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Alfred Roman, The military operations of General Beauregard in the war between the states, 1861 to 1865 103 27 Browse Search
Harper's Encyclopedia of United States History (ed. Benson Lossing) 57 9 Browse Search
General Joseph E. Johnston, Narrative of Military Operations During the Civil War 46 2 Browse Search
Jefferson Davis, The Rise and Fall of the Confederate Government 40 4 Browse Search
Varina Davis, Jefferson Davis: Ex-President of the Confederate States of America, A Memoir by his Wife, Volume 2 40 2 Browse Search
Brigadier-General Ellison Capers, Confederate Military History, a library of Confederate States Military History: Volume 5, South Carolina (ed. Clement Anselm Evans) 33 13 Browse Search
George P. Rowell and Company's American Newspaper Directory, containing accurate lists of all the newspapers and periodicals published in the United States and territories, and the dominion of Canada, and British Colonies of North America., together with a description of the towns and cities in which they are published. (ed. George P. Rowell and company) 28 0 Browse Search
Benson J. Lossing, Pictorial Field Book of the Civil War. Volume 3. 27 1 Browse Search
William Tecumseh Sherman, Memoirs of General William T. Sherman . 22 0 Browse Search
Robert Underwood Johnson, Clarence Clough Buell, Battles and Leaders of the Civil War: The Opening Battles. Volume 1. 22 0 Browse Search
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Browsing named entities in J. William Jones, Christ in the camp, or religion in Lee's army. You can also browse the collection for Charlotte (North Carolina, United States) or search for Charlotte (North Carolina, United States) in all documents.

Your search returned 5 results in 2 document sections:

J. William Jones, Christ in the camp, or religion in Lee's army, Chapter 7: work of the chaplains and missionaries. (search)
h a good chaplain and one which has none. The men are more orderly, better contented, and really more efficient. Now and then I meet with an officer who appreciates all this, and even some irreligious colonels seek the co-operation of a good chaplain in their desire to render their regiments as efficient as possible. The denominations generally appointed some of their best men to enter the army as missionaries, and supplemented the scant salaries of the chaplains. It was reported in 1864 that The Old School Presbyterians employed, the past Assembly-year , 130 missionaries and chaplains in our different armies; and contributions to that work fell little short of $80,000. These laborers reported, at the General Assembly, in its meeting at Charlotte, the conversion of 12,000 soldiers during the year. But the work of the chaplains and missionaries will further appear as our narrative proceeds, and it will be seen that we had an earnest, zealous, and faithful corps of laborers.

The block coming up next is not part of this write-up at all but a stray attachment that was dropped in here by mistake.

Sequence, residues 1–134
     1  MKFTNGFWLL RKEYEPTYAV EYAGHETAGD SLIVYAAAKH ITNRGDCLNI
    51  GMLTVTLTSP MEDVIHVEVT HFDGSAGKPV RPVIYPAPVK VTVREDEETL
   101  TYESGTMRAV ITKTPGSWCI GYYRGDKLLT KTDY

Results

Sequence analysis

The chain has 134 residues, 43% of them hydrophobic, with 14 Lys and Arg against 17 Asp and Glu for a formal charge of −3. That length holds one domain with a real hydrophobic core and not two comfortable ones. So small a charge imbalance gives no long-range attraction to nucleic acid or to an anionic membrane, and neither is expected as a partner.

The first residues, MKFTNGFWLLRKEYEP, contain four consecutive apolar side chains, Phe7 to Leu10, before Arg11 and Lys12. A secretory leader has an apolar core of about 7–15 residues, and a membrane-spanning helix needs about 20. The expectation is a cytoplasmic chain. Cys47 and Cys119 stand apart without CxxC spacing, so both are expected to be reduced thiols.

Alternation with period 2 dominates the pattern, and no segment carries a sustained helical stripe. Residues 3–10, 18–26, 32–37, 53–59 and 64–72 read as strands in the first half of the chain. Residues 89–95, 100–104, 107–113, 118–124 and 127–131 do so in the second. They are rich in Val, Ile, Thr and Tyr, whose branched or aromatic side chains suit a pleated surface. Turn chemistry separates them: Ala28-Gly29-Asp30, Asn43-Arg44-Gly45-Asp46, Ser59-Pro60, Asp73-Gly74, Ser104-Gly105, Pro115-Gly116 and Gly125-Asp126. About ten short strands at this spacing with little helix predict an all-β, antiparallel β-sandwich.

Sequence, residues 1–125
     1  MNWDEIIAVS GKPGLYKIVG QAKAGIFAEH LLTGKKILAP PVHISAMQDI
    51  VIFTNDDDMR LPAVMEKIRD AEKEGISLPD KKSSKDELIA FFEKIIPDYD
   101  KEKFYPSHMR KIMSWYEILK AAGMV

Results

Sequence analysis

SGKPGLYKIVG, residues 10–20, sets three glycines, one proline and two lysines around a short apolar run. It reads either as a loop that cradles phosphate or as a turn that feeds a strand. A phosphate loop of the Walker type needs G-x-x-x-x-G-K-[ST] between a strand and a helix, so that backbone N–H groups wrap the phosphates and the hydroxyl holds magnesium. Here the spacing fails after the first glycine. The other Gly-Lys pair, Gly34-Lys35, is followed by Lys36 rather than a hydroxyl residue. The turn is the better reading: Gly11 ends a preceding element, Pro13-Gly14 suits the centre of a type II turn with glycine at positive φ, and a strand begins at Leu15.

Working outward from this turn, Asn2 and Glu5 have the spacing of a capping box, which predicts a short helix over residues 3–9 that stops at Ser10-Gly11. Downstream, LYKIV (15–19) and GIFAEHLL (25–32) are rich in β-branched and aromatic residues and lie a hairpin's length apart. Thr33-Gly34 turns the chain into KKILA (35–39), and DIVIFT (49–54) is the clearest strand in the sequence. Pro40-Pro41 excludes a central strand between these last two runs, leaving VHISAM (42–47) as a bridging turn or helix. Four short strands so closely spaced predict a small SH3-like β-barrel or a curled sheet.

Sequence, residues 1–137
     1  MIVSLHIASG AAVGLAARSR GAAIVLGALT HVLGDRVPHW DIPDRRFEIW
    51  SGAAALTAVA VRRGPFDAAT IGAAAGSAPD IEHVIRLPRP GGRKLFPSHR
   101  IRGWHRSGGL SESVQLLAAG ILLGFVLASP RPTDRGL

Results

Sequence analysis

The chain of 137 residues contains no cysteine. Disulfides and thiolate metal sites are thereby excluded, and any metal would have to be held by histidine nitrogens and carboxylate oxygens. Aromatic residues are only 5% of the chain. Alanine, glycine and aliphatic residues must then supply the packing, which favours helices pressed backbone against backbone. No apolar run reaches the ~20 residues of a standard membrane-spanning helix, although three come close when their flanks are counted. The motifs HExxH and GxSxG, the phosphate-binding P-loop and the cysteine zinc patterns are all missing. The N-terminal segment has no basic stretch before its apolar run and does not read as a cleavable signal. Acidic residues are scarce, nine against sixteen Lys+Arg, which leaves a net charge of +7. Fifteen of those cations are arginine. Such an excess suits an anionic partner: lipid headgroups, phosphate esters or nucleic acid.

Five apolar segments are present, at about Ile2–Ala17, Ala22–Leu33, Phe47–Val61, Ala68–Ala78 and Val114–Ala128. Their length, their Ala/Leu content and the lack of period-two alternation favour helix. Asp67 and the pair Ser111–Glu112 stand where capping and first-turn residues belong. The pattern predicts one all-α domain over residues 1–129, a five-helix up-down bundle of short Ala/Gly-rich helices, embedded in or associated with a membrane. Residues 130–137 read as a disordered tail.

J. William Jones, Christ in the camp, or religion in Lee's army, Appendix no. 2: the work of grace in other armies of the Confederacy. (search)
e favor of Major Hall to Camak. Learning that Lieutenant-General S. D. Lee would leave Augusta on the 18th for Charlotte, North Carolina, I collected all my supplies together for shipment to our soldiers in North Carolina. After furnishing Generalth Mississippi. Sunday, April 2. Heard Dr. J. B. McFerrin preach at 11 A. M. and 7 P. M. at the Methodist church in Charlotte, N. C. I preached at 9 A. M. and 4 P. M. to the sick and wounded in the hospitals and at 3 P. M. to the colored people. Post Chaplain Kennedy received me very kindly. The march across South Carolina was under General S. D. Lee. From Charlotte we went to Smithfield, North Carolina, via Raleigh, on the railroad. There had been some fighting about Averysboro, nea the early home of President Andrew Jackson; marched all night, going through Concord at midnight. April 19. Charlotte, North Carolina, was reached early in the morning. Stoneman has burnt the bridge across the Catawba River before us to-day. H